Infectious 70s disco classics, 80s and 90s pop warblings, hip hop battling, big dance routines, dumbfounding break dancing, outrageous beatboxing and a whole lot of soul; that’s what new musical Daddy Cool brings to the Shaftesbury and the West End. Matthew Amer attended the first night of the Boney M musical and soaked up the carnival atmosphere.
On the Shaftesbury stage, Trinidad is a brightly coloured paradise, all blue skies, orange palms and a house as you would have imagined it aged five. This is where we meet Sunny, who is living with his grandmother… but not for long. He’s whisked off to a much drabber London to be reunited with his mother.
As he grows up his love of music grows with him and he joins the Sub Sonic Crew, a West London urban music collective. Everything gets a bit Romeo And Juliet as Sunny falls for the daughter of East London club owner Ma Baker, whose son runs the rival Blade Crew. As you can imagine, things get worse before they get better.
The production is nothing if not fun, and a hefty dollop of humour runs right through the show, especially the costumes. The eponymous Daddy Cool – disco king and Sunny’s late father – looks like the uber-pimp in a wide-brimmed hat, bright blue outfit and shimmering silver trenchcoat, while Michelle Collins’s outfits as Ma Baker tread the line between glamour and camp queen.
The show’s numbers spring out of scenes both when you least and most expect them. And when they do they often bring big dance routines with them. A rendition of Brown Girl In The Ring sees a London market come to life, with punks, goths, policemen, a giant rainbow dress-wearing transvestite and an acrobatic tramp joining in. Club scenes, too, provide fodder for scintillating ensemble choreography.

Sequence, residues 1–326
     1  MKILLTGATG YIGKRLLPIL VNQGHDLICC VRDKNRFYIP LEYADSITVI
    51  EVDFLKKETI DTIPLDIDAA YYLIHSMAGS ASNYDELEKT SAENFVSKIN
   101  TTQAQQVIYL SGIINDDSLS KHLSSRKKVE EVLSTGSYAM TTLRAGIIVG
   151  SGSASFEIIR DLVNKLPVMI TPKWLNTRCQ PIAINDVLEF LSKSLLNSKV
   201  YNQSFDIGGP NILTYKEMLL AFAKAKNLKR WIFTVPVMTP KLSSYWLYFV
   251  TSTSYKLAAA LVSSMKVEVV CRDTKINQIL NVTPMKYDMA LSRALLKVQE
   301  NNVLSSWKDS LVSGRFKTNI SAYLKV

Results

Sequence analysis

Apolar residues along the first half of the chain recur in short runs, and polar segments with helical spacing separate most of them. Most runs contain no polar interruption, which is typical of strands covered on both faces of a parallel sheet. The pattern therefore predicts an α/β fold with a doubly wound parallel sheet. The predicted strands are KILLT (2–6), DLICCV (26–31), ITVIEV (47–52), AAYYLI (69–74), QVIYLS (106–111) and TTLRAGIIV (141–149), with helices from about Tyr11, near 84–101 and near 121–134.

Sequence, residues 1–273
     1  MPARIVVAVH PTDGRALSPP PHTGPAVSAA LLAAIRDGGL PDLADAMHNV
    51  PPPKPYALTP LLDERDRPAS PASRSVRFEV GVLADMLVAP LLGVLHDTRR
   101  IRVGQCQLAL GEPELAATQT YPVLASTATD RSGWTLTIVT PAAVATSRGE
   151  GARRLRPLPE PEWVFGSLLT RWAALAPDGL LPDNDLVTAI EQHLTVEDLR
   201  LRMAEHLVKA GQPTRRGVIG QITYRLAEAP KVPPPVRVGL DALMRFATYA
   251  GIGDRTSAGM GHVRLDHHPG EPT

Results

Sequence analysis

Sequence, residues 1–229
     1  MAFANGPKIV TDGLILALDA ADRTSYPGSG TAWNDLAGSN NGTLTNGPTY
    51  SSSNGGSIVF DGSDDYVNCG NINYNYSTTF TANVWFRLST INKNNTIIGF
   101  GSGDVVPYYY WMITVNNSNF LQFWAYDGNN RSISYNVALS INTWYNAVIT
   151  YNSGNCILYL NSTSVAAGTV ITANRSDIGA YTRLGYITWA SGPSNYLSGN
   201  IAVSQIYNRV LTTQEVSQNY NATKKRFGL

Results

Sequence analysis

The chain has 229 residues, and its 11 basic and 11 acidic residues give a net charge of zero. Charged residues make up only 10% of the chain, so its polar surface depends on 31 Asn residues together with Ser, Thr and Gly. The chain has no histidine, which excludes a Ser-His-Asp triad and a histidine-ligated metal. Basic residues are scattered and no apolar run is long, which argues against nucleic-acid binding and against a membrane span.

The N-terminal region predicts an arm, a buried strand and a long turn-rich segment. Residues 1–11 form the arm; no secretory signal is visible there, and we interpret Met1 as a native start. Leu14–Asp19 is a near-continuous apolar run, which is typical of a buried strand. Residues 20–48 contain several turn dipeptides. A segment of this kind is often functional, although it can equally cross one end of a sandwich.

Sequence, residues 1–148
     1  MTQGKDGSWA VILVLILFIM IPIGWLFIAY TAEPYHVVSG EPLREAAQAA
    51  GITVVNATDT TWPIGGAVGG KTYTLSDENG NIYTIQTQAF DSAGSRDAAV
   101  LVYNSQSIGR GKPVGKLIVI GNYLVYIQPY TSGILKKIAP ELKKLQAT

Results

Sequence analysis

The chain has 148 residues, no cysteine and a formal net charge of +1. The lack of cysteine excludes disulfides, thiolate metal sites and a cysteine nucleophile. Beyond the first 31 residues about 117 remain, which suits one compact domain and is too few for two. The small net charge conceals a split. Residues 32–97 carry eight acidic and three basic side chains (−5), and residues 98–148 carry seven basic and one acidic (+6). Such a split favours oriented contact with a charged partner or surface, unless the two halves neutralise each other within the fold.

It’s not all giggles; the second half’s opening scene sees the musical battle played out between the Sub-Sonics and the Blades, possibly the West End’s first real taste of urban music in a theatrical setting. The beats, base, spat lyrics and street dancing serve to pack the scene with tension and fight.
Harvey, a former urban music star himself, revels in this environment, looking brooding and menacing as the Sub Sonic Shake. The statuesque Javine, also better known for her chart hits than her previous theatrical roles, along with Melanie Le Barrie (Pearl) and Donovan F Blackwood (Rasputin – funny name for a music producer) stands out with smooth, unforced tones. Michelle Collins blends her previous incarnation, Cindy Beale, with a touch of Cruella De Ville to produce the double-crossing, double-hard Ma Baker.
Daddy Cool begins and ends in Trinidad, where everything is bright, colourful, carefree and happy. To mention too much about the finale would be to spoil its surprise, but it’s big, infectious, camp and left the first night audience with a smile on its face; much like the rest of the show.
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